One of the most effective ways I have found to avoid eating between planned meals and snacks–especially during the weight loss part of my lifestyle change–is to chew gum or eat mints. (Just make sure they’re sugar-free! Your teeth and dentist will thank you.) Even though they have calories or carbohydrates in them, most often along with artificial sugars, these trade-offs are worth it. Mint or cinnamon flavors are especially good choices because they pretty much ruin the flavor of any food you might stick in your mouth, so they’re a good deterrent.
I quickly identified when I was most tempted to indulge: When I was cooking, portioning out snacks, or grazing through the kitchen out of boredom, stress, or whatever else emotional issue sent me looking for a diversion. Gum prevented me from sampling anything I was preparing for a meal. When I got home from food shopping and needed to portion out snacks and desserts, I always put gum in my mouth before I even started. If I found myself roaming around the kitchen, I made my way to the gum tin to treat myself to one of the varieties of gum or mints I stocked.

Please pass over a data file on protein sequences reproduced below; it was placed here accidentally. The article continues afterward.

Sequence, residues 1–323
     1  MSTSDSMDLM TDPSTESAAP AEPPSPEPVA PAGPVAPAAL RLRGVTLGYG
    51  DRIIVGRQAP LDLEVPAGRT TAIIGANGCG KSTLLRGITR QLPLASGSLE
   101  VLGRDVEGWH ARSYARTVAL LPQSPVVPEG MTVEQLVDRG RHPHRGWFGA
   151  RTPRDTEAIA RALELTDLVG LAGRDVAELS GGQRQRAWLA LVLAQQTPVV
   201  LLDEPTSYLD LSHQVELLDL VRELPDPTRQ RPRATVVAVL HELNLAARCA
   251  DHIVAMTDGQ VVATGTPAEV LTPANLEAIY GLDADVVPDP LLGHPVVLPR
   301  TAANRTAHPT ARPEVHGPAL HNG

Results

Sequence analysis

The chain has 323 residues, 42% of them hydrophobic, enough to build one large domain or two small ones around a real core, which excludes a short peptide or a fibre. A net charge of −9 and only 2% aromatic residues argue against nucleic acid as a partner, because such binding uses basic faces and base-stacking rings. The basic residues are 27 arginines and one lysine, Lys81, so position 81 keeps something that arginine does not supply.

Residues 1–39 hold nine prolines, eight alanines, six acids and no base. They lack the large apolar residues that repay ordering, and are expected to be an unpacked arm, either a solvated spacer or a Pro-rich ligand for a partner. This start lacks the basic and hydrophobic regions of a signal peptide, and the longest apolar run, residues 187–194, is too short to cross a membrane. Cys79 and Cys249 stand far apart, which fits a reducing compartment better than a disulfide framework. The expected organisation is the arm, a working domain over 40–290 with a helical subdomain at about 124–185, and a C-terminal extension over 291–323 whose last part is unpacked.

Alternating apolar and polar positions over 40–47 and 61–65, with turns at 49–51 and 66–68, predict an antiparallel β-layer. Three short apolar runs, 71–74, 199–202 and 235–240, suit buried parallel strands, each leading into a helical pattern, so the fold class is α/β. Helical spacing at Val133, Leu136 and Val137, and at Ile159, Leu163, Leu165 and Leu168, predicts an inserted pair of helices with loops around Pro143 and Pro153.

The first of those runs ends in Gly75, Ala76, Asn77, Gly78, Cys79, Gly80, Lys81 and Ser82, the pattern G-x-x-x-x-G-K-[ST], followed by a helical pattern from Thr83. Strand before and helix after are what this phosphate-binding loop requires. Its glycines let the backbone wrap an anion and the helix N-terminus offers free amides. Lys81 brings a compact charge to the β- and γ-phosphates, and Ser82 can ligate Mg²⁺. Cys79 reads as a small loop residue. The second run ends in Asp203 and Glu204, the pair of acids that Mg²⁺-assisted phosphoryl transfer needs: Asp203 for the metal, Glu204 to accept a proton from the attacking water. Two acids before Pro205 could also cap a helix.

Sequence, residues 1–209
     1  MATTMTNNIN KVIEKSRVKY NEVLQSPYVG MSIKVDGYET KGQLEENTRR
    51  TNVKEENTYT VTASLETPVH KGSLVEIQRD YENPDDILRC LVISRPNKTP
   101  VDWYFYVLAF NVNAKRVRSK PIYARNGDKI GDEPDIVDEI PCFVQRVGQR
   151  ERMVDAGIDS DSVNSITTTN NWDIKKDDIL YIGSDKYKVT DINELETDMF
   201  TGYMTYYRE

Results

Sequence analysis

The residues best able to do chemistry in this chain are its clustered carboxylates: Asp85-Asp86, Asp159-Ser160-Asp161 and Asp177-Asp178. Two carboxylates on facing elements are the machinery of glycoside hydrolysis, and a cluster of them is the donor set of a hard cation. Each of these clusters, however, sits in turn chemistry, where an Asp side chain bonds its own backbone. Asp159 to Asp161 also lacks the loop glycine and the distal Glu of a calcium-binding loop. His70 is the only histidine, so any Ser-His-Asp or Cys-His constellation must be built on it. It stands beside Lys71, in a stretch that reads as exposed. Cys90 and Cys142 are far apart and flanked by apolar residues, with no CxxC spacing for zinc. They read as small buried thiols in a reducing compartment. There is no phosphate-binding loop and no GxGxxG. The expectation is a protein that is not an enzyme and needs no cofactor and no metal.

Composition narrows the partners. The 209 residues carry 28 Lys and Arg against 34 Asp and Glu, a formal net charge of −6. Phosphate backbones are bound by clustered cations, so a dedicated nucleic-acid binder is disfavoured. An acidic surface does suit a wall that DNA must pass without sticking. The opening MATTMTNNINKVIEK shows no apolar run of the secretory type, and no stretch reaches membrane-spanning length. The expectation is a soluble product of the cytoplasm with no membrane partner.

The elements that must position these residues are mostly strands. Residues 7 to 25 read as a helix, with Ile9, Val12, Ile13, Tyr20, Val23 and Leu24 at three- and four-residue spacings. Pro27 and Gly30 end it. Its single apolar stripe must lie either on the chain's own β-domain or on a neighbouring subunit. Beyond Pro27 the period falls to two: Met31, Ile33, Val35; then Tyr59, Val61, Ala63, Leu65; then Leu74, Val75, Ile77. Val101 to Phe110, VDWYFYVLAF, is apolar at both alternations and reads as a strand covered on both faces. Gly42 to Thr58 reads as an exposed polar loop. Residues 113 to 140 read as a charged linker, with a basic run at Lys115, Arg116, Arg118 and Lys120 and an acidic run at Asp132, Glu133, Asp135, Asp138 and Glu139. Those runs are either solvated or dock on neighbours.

With Thanksgiving, what I think of as “The Feeding Season” has officially begun. Wouldn’t it be nice if we could space out all of those parties and holiday meals throughout the year instead of within just over a month? Alas, that is not the case, so we must strategize to survive The Feeding Season. Using my strategies, it’s possible for January to arrive without adding unwanted weight, an elevated cholesterol count, or going into a sugar coma.